ALLMedicine™ Argyria Center
Research & Reviews 40 results
Annals of Diagnostic Pathology; Gill P, Richards K et. al.
Jul 3rd, 2021 - Localized cutaneous argyria is a rare cutaneous disorder that has been associated with occupational exposure, dental procedures, topical agents, acupuncture, earrings, and nasal piercings. In this paper, we review the current literature on localiz...
The Bone & Joint Journal; Diez-Escudero A, Hailer NP
Mar 2nd, 2021 - Periprosthetic joint infection (PJI) is one of the most dreaded complications after arthroplasty surgery; thus numerous approaches have been undertaken to equip metal surfaces with antibacterial properties. Due to its antimicrobial effects, silver...
The American Journal of Dermatopathology; Georgiadou N, Singh S et. al.
Feb 20th, 2021 - A case of localized argyria in a 36-year-old female jeweler is described who presented with 2 discrete and asymptomatic bluish-black pigmented macules on the pulp of her left middle finger. A skin biopsy from both lesions demonstrated deposition o...
Journal of Cutaneous Pathology REFERENCES; Lee J, Korgavkar K et. al.
Nov 10th, 2020 - Localized argyria with pseudo-ochronosis.|2020|Lee J,Korgavkar K,DiMarco C,Robinson-Bostom L,|
Journal of Cosmetic Dermatology; Almurayshid A, Park S et. al.
Jun 17th, 2020 - Argyria results from silver accumulation in the skin. It is a stressful condition for patients due to skin discoloration. In the past, no effective treatments were available. However, it has been recently reported laser treatments showed promising...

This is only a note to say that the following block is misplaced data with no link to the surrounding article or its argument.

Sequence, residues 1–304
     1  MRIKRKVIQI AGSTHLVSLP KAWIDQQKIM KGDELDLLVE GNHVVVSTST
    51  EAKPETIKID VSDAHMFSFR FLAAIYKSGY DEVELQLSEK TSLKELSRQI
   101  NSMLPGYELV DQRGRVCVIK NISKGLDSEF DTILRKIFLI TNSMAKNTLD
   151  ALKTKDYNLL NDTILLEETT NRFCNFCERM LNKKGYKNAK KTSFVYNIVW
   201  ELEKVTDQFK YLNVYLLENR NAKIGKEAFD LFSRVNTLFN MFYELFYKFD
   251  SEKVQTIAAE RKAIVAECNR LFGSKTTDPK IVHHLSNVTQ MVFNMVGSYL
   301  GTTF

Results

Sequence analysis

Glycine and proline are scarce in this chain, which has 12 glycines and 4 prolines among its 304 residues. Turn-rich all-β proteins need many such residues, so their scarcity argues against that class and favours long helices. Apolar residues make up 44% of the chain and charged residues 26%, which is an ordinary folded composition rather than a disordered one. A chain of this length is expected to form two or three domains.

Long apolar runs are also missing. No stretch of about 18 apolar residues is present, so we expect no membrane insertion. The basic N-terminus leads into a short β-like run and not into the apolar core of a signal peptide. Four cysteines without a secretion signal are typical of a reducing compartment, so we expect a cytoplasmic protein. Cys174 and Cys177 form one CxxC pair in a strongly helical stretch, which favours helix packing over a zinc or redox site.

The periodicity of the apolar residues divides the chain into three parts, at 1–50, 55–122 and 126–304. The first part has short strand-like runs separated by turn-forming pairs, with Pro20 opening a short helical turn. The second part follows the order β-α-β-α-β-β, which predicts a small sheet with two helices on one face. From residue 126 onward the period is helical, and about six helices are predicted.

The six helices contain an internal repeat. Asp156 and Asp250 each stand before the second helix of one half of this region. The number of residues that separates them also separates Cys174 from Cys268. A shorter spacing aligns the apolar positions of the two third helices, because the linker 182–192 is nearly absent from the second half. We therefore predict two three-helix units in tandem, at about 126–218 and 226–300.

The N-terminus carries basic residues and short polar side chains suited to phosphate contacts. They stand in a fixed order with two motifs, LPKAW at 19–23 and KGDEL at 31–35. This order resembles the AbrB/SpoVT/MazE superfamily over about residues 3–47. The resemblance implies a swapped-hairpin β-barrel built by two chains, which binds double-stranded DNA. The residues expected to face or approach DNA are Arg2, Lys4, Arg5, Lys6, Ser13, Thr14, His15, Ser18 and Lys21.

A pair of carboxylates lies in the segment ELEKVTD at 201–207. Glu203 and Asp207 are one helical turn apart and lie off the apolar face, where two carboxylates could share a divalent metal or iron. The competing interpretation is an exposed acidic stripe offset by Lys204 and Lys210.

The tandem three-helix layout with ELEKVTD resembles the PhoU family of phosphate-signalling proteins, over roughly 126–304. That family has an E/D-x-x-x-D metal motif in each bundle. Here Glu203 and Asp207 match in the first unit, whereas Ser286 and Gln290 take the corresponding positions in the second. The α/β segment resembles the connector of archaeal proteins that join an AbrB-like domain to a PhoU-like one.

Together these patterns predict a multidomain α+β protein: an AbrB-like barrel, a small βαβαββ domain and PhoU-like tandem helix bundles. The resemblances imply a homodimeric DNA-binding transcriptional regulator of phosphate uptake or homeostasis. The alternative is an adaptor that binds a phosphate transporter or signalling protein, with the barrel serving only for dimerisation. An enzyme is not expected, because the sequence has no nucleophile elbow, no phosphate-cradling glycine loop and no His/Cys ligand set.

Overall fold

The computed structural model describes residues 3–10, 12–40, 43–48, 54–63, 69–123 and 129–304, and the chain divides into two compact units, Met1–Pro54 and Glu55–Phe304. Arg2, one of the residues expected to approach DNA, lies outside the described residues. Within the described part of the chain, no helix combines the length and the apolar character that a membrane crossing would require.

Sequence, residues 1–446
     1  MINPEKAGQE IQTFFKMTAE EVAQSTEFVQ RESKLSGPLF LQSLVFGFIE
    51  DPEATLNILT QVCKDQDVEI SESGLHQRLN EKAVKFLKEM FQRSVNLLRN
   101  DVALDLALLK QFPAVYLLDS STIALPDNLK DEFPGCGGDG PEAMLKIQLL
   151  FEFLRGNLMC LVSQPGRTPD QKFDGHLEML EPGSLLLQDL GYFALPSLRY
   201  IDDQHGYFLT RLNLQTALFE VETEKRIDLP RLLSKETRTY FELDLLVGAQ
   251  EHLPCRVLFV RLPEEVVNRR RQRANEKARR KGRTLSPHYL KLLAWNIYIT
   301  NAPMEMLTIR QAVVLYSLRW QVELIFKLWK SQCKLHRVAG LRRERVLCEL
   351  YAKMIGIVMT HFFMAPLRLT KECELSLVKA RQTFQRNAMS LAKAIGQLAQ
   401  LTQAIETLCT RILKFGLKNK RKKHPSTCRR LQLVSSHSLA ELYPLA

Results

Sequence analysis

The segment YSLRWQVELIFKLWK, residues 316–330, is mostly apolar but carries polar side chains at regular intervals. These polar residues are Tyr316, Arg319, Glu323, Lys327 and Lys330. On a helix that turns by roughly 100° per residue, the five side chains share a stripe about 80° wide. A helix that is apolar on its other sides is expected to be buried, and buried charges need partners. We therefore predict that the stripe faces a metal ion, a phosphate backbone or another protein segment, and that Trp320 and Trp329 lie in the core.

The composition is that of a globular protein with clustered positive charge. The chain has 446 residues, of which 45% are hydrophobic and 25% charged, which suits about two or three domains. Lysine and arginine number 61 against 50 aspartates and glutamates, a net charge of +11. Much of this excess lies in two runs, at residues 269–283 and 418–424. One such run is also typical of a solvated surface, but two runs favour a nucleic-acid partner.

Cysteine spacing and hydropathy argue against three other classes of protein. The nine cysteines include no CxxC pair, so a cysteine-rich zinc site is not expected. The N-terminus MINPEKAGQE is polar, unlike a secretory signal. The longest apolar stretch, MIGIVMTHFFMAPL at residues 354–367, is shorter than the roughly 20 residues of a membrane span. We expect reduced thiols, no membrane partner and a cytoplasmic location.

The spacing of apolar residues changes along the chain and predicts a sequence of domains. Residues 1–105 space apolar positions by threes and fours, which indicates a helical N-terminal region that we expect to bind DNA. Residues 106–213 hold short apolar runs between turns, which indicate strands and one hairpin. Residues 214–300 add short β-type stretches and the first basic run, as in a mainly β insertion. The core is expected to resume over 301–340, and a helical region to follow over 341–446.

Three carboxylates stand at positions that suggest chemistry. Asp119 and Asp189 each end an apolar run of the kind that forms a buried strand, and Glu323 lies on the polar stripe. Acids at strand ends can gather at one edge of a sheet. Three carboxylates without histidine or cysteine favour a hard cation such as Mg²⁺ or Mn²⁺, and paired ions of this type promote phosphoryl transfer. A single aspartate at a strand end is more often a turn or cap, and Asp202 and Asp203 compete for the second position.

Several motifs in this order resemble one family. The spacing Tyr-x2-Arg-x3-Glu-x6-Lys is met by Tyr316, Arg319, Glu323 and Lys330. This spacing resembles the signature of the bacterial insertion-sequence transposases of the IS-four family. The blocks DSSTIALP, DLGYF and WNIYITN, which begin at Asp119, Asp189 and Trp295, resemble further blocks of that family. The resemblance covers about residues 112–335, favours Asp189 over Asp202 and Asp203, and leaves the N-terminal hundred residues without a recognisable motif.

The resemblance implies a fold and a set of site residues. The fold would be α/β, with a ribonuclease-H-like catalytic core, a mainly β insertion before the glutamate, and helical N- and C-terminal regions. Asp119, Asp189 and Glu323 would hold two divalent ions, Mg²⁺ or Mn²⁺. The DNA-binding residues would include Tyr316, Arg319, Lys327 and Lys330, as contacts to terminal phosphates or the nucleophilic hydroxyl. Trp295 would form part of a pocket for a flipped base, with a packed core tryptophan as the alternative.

News 4 results
Kyle M. Devins, BS, Herman S. Mogavero Jr, MD et. al.
Jan 9th, 2015 - Localized cutaneous argyria often presents as asymptomatic black or blue-gray pigmented macules in areas of the skin exposed to silver-containing compounds. 1 Silver may enter the skin by traumatic implantation or absorption via eccrine sweat gland.
Jennifer Krejci-Manwaring, MD, Daniel A. West, MD et. al.
Jun 19th, 2013 - A 66-year-old woman presented to the emergency department with chest pain and dyspnea. Her skin was gray in color, particularly on the face and arms.
Joe R. Monroe, MPAS, PA
Mar 22nd, 2012 - ANSWER The correct answer is argyria (choice “d”), caused by the ingestion of colloidal silver. Wilson’s disease (choice “a”) is an inherited disorder of copper metabolism involving signs of liver failure, including jaundice.
Gulbranson SH, Hud Ja Jr et. al.
The onset of argyria following the use of dietary supplements containing colloidal silver protein is presented. The patient was using a silver-containing product for cold and allergy prophylaxis.